Packing your artwork is the most crucial aspect of a successful shipment. Because packing needs to be adapted to the artwork different types of artwork will require different types of packing. I will proceed from the simplest package to the most complex.
Shipping un-matted and unframed photographs
The easiest piece to package is an unframed and unmated photograph. Such an image is shipped rolled, in a sturdy 2″ or 3″ diameter tube.
First, inspect the artwork to make sure it is perfect in every respect. You don’t want to ship a piece which is damaged, dirty or has bent corners.
Second, roll the photograph in an oversize piece of interleave paper to protect it from scratching during shipping.
Third, take an oversize tube (4 inches or so longer than your wrapped photograph), cap one end with a plastic cap, and place some crumpled newspaper at the bottom of it so that the photograph is not in direct contact with the plastic cap. Place your photograph in the tube, add more newspaper at the top and close the tube with a second plastic cap.
Fourth, tape the two plastic end caps to the tube, just to make sure they won’t go anywhere, and attach the address label. Make sure the label has both the destination address and your own return address. I use custom made shipping labels with my return address preprinted on them so that all I have to do is write the destination address and tape the label to the package. I also add a “Fragile” label on the tube.
Shipping a matted but unframed photograph
The second easiest type of package is shipping an unframed matted photograph. Because it is matted it has to be shipped flat but since there is no frame it can be shipped between multiple layers of cardboard rather than in a box thus reducing shipping weight (remember that shipping costs are calculated by weight).
First, inspect the piece to make sure it is perfect in every respect.
Second, take the matted photograph, make sure it is inside a crystal clear bag (see suppliers list) and has a thick backing board.
Third, tape each corner of the bagged photograph to an oversize piece of cardboard. I normally cut two sheets of cardboard 1.5″ larger than the mat size. For example, to ship an 11×14 matted photograph I will cut two 12.5″x15.5″ pieces of stiff cardboard on my table top mat cutter.
Fourth, place the second piece of cardboard on top of the photo and tape the two sides together. Make sure to close each side with tape so that no humidity can get in.
Fifth, add cardboard corners as extra protection and tape those to the package as well. I use corners which come as protection on ready-made frames and which I recycle for packaging. However, you can also purchase these corners in bulk for a minimal cost from framing supply stores (see suppliers list).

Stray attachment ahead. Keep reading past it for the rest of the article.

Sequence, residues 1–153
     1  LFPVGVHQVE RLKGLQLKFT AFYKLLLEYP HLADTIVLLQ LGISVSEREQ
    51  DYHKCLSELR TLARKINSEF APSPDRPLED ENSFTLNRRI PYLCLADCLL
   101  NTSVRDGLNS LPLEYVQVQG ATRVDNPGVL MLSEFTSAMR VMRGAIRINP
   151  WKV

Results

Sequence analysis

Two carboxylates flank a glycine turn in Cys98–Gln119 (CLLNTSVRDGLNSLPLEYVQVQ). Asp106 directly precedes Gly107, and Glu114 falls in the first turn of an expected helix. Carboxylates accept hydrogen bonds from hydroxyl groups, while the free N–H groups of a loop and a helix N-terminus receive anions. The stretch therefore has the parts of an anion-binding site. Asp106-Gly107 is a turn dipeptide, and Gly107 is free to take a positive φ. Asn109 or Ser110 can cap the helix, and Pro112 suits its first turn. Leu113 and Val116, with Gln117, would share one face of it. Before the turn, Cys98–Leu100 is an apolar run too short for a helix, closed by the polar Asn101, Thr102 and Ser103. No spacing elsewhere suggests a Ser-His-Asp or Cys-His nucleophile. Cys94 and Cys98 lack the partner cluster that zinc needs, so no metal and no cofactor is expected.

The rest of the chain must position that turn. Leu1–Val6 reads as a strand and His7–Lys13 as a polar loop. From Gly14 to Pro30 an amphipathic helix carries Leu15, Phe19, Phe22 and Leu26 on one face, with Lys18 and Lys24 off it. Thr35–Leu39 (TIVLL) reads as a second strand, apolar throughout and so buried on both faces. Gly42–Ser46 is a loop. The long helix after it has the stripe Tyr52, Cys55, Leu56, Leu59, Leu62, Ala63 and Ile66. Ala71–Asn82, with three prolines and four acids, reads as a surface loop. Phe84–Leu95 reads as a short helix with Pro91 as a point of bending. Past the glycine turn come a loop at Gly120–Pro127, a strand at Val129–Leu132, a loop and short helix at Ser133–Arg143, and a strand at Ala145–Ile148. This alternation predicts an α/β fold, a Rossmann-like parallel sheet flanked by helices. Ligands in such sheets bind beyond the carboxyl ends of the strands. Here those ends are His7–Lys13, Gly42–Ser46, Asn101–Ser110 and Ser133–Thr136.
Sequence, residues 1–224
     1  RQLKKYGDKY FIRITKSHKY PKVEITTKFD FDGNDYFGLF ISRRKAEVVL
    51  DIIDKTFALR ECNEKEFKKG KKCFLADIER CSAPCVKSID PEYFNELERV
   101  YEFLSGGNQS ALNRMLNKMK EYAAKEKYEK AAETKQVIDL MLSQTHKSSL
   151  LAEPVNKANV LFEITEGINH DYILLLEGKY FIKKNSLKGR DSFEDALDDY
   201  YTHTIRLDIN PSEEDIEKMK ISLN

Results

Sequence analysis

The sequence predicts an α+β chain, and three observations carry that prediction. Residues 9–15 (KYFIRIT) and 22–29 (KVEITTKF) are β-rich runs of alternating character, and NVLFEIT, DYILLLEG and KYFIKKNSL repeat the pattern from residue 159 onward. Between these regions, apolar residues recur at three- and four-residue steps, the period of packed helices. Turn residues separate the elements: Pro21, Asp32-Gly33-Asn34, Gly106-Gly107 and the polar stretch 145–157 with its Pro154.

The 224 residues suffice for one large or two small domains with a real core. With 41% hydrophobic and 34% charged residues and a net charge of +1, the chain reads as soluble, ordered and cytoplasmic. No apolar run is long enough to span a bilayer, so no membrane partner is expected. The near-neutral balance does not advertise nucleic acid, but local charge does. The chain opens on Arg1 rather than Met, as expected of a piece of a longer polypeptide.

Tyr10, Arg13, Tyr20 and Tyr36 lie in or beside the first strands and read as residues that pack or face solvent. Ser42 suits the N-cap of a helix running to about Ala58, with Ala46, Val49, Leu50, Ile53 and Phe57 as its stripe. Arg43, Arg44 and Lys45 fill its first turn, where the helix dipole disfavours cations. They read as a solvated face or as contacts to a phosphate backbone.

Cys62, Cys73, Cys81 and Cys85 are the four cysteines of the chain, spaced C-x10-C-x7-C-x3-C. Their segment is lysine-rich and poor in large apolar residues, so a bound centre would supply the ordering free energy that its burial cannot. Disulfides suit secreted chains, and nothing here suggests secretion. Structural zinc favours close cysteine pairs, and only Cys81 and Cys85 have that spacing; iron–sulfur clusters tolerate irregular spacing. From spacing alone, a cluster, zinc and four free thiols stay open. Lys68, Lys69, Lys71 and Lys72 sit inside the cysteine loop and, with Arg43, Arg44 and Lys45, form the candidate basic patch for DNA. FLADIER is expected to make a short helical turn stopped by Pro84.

Sixth, place address and warning labels on the package. I use labels saying “Fragile” and “Photographs -Do not bend” on this type of package.
Shipping framed photographs
The third type of packages consists of framed photographs. These can be divided in two categories: those framed with glass and those framed with Plexiglas. I am talking about Plexiglas products designed specifically for framing such as TruVue, etc. Such products are actually better than glass since they add a layer of UV protection, won’t get scratched, and won’t send glass shards flying towards your artwork in case the piece is dropped. They are widely used by museums and galleries. However, for ease of explanation and to not favor one manufacturer over another I will use the term “Plexiglas” throughout the text.
Plexiglas is lighter than glass thus less expensive to ship. Plexiglas will not break during shipping alleviating your worries a great deal. However Plexiglas is more expensive than glass and some customers do prefer glass. Also, if you buy ready-made frames they will come with glass which makes shipping them that way more logical and cost efficient.
If you ship pieces with glass you have to add much more protection than if you ship with Plexiglas. I normally ship with glass up to 22×28″ framed size. Larger than that I use Plexiglas knowing that glass either won’t make it or that crating will be required in order to protect it. Also, any framed piece shipped outside of the continental US is shipped with Plexiglas.
This is my standard approach to shipping a piece framed with glass:
First, inspect the piece for any defects and clean the glass. The piece must look perfect in every respect.
Second, wrap the piece in bubble wrap and tape the bubble wrap securely.
Third, completely wrap the bubbled-wrapped piece in an oversize piece of cardboard. Create crushable structures on all 4 corners and fill these structures with foam peanuts.
Four, place this package into an oversize box and place foam peanuts all around the piece. I like to have at least 2 inches of space all around the piece. For example, a 16×20 frame will be shipped in a 20x30x5 box, a 22x28x5 frame in a 30x40x5 box and so on (the boxes I use are all 5 inches thick). Make sure to place a layer of peanuts at the bottom of the box prior to placing the piece in it, then, holding the piece in the center of the box, add foam peanuts to the sides and top of it.
Five, tape the box shut with packing tape and place shipping and warning labels on the box. I use labels saying “Fragile“, “Glass“, and “Do not drop on corners” on this type of package.
Notice: we routinely place up to three 16×20 frames in one 5″ thick box and up to two 22×28 frames.
To ship a piece framed with Plexiglas I follow the same approach as above except no foam peanuts are used.
First, inspect the piece so that it is perfect in every respect.
Second wrap the piece in bubble wrap and securely tape the bubble wrap.
Third, cut two pieces of cardboard to the size of the frame and tape one sheet on the front and one on the back of the frame.
Fourth, place the piece in a box of same thickness as the packed frame. I normally use mat board boxes for shipping pieces framed with Plexiglas. They are the perfect size for up to 32×40, are very sturdy, and have crushable structures at the top and bottom. I place the frame in the middle of the box and add foam peanuts to the sides to form two additional crushing areas.
Fifth, tape the box together and add shipping and warning labels. I add the same labels as for pieces framed in glass except, obviously, for the “Glass” label.
Good sales, and good shipping!
Crystal Clear bags to package your photographs both for display and for shipping:Impact Images
Shipping boxes, tubes, tape, tools, etc:Reliable
Where do you go from here?
At this point you may have many questions about where to get equipment, how to price your work, how many pieces you need to take to a show and more. All these questions, and many more, are answered in my book: Marketing Fine Art Photography. This book is available both as a printed book and as an eBook.
If you want to go further, I also offer an in-depth tutorial titled the Marketing Mastery Workshop on DVD. Finally, if you need personalized help, I offer one on one consulting over the phone and in my studio for marketing and other aspects of photography.
This is one of a regular series of articles titledBriot’s View
written exclusively for TheLuminous Landscape